“How long we been at it?” she quizzed. Firm thought and thought. “I reckon, goin’ on 40 years.” Ann laughed. “No, no,” she cackled. “I meant this afternoon?” Firm blushed, but she couldn’t tell. “You believe we’ve seen the last frost?” he asked to change the subject.
Mr. Tom patted his chest and tummy for his glasses and raised them and his eyes to Firm. “Oh, hello,” he chuckled upon realizing it was Firm. “I’ve gotten lost again in my papers.” Firm stepped back outside. The air was cooler than he remembered, perhaps due to the stuffiness of the house. While the air smelled of rain before a storm, there were no threatening clouds to be seen. He walked back to the flower bed, stretched his arms out over his head and resumed his work preparing the flower beds for planting. He whistled now, refocused and intent to complete the work. Beads of sweat formed on his forehead.
Firm cut the orange cords tied around three large bales of pine straw. Each took a handful and with a careful eye spread it over the dirt and flowers. “Pretty funny the two of us,” Ann mused as she worked. “Yes, ma’am, it is,” Firm responded as he grabbed two more handfuls of straw.
Ann stopped to consider. “Well, that’s what Tommy read in his papers.” Firm furled his brow and nodded. Ann reassured, “the bulbs are up in the back too, and the azaleas will bloom any day now.” She stopped and picked up a half-pallet for examination. “I think we’re safe to put these little ones in the ground.” Ann smiled and resumed her work.
He loved spring. He loved to create new things with his hands and imagination.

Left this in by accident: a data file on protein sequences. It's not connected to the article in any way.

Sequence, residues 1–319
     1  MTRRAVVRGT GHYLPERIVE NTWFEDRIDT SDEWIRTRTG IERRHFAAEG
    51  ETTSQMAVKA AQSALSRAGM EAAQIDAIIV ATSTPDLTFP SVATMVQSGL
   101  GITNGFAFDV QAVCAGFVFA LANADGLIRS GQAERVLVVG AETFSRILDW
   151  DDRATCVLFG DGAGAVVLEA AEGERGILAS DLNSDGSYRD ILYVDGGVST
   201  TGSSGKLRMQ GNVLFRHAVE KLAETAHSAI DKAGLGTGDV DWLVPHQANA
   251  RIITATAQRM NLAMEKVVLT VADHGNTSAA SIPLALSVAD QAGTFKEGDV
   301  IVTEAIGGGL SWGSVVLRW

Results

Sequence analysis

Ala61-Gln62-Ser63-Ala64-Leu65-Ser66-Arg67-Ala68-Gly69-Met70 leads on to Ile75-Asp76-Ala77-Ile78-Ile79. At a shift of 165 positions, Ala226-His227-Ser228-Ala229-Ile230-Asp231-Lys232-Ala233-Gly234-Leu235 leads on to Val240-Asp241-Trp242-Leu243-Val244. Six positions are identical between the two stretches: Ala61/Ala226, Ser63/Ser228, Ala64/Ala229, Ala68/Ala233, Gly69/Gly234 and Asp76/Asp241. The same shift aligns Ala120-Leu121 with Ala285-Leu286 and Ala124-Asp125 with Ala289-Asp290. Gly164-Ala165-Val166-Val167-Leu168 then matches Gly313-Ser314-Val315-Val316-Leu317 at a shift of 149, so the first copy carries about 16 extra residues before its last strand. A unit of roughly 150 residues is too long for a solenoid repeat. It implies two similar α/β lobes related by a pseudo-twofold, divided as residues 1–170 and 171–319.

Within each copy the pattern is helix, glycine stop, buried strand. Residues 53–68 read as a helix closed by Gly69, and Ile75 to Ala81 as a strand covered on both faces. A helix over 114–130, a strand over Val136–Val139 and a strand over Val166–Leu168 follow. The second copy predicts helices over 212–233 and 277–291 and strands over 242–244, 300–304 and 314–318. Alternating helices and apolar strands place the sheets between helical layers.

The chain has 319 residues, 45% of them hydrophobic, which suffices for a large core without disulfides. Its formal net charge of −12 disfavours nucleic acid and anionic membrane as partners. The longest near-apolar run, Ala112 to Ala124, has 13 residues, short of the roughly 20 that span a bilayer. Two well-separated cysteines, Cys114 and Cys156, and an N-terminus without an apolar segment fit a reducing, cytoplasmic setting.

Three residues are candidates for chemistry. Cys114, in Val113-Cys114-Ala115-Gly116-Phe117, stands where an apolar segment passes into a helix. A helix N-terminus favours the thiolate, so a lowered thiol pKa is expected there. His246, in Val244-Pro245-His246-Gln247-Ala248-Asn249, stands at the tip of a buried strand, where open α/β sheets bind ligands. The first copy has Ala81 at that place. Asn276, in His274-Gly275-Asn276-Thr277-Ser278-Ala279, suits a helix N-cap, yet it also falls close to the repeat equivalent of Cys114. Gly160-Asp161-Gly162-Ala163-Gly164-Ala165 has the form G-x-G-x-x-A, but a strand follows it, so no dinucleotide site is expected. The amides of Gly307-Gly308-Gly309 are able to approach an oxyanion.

He bent down and took a handful of dirt in his hand. He squeezed and rolled it over, taking in a deep breath of it before crumbling and letting it fall to the ground through his fingers. Wiping his hand on his pants, he smiled. He loved spring. The smells and the hints of new life that crept forward with each warm day. He loved to create new things with his hands and imagination. He was older now, much older, but could still shape and tend to beautiful gardens. He couldn’t compete with the larger companies that swarmed over a yard like locust, but he still had a handful of clients, aging clients, that appreciated his slower touch and help with incidentals. It made him feel like a man, reminded him he was useful and had a place where he belonged. Time is a strange companion, especially when working outdoors; it seems to slip away before you’ve made its full acquaintance. The sun had begun to wane in the afternoon sky when Ann appeared on the stoop of the house. Her voice startled Firm, who had lost track of time. He was on his hands and knees digging and filling in small holes for the flats of flowers when she called. “I’ll help spread the straw,” she declared. “Need to finish. The paper says it will rain tonight.” Firm squinted at her silhouette. It wasn’t until he stood up that he could tell she had donned her khakis and Keds and was ready to lend a hand. For as many years as he had helped tend to their yard, she always came out and helped. “Yes, ma’am,” he dutifully responded. He walked over and helped her across the uneven yard. “I’ll tell Tommy to call someone to smooth out that dirt,” she told him. “Yes, ma’am, but it’s the moles that